Enter Steve Nichols, an American who had worked with Barnard during his previous tenure at McLaren and would later join him again...
The pair got to talking over a beer about Barnard’s latest quandary, not wanting Nichols to know the whole truth he just told him of his plans to build a lighter, stiffer, narrower chassis.
Nichols had worked with carbon fibre before, so it did not take him long to divine Barnard’s intentions. He suggested that he should contact Hercules Aerospace, the American company for which he had worked.
Hercules Aerospace was quick to see the commercial benefits of working with McLaren and so it took little to convince the firm it should be involved.
It would help accurately lay up the carbon fibre over the aluminium honeycomb using the male mould that Project 4 had provided, and place the monocoque in its autoclave. This would then be shipped back to the UK for the team to construct.
This period of innovation was all happening during a particularly difficult time for Project 4, with the financial burden of its F1 project weighing heavy on Dennis and his team.
Dennis had previously been rebuffed by Marlboro, as he looked to spark sponsorship interest in his entry to the premier single-seater category. But, the winds of change were blowing and Marlboro's commitment to McLaren was on shaky ground.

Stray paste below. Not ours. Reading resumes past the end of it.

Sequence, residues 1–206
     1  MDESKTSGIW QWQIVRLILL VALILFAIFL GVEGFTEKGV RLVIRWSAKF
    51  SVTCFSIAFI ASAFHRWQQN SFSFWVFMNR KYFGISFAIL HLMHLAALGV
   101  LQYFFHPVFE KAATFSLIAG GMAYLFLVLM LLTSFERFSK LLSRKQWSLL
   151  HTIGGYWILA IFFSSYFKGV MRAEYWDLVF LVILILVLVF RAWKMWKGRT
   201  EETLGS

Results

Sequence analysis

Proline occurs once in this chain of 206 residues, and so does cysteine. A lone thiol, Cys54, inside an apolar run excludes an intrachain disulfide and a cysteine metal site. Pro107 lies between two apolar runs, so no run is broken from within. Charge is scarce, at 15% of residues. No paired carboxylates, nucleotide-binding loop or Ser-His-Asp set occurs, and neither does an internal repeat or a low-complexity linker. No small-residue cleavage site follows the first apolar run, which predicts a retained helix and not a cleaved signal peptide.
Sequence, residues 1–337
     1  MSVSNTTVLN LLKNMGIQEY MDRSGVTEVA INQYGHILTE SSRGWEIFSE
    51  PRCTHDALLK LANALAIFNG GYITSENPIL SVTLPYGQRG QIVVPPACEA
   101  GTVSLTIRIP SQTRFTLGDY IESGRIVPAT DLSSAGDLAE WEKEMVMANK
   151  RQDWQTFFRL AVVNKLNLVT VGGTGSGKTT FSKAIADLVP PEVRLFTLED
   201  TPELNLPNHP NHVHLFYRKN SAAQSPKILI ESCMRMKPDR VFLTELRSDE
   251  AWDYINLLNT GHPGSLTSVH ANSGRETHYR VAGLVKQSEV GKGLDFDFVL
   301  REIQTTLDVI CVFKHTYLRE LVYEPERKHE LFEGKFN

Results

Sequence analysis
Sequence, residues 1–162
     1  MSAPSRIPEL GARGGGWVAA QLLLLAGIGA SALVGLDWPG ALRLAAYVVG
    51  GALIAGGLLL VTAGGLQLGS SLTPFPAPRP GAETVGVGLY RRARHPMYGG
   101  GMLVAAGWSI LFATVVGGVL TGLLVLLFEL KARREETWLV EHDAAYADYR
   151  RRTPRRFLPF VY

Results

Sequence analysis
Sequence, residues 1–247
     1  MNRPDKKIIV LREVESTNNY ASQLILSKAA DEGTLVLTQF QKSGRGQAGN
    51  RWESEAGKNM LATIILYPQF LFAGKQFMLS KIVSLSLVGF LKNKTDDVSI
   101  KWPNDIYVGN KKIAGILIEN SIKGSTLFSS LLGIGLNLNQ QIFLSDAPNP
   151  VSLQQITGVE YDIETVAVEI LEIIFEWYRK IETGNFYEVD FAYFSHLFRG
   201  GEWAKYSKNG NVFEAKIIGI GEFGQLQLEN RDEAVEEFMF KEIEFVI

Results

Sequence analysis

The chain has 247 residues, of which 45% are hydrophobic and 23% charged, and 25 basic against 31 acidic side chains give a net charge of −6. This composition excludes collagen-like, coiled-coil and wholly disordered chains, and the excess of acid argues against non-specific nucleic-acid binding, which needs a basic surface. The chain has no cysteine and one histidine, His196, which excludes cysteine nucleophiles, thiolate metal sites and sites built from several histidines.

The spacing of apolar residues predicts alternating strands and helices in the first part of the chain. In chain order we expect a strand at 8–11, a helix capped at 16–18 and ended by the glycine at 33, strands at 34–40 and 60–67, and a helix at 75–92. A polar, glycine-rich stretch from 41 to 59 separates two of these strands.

A merger seemed the most obvious solution for Marlboro as it wanted to help turn the tide for the sleeping giant, with Dennis, Barnard and the carbon fibre concept being ushered in to help McLaren return to winning ways.
McLaren MP4/1 male mould
Photo by: Giorgio Piola
The MP4's entire monocoque comprised the shell, three bulkheads and the reinforcing structure - just five parts. By comparison, an aluminium chassis of the time would have consisted of at least 50 components.
Not everyone was convinced of this new 'magical' concept though, as some of the other teams questioned the practicality of using carbon fibre so extensively in the car's construction.
But when John Watson won the British Grand Prix later that year, rival teams began to realise that the concept was something they too needed to follow.
The turning point in convincing the world that McLaren had made the right decision regarding its carbon fibre monocoque was the 1981 Italian GP.
John Watson's massive shunt in his MP4 literally tore the rear end of the car off and would have likely been considerably worse had he been aboard a car with an aluminium tub.
This was to be a watershed moment and made the rest of the grid sit up and take note. No longer could they scoff at McLaren's use of this material.
As with everything in F1, the move was swift, as sticking with previous construction methods would only lead to them bleeding lap time compared to their rivals.
Barnard was a pioneer, introducing not just F1 but motorsport in general to a material that was stronger, lighter and safer than those that had gone before it.
The sport would never be the same again. Barnard not only raised the bar, he changed the game.
McLaren MP4/1 Ford Cosworth
Photo by: Motorsport Images
Why Senna felt unstoppable at Donington in 1993
Sir Stirling Moss dies aged 90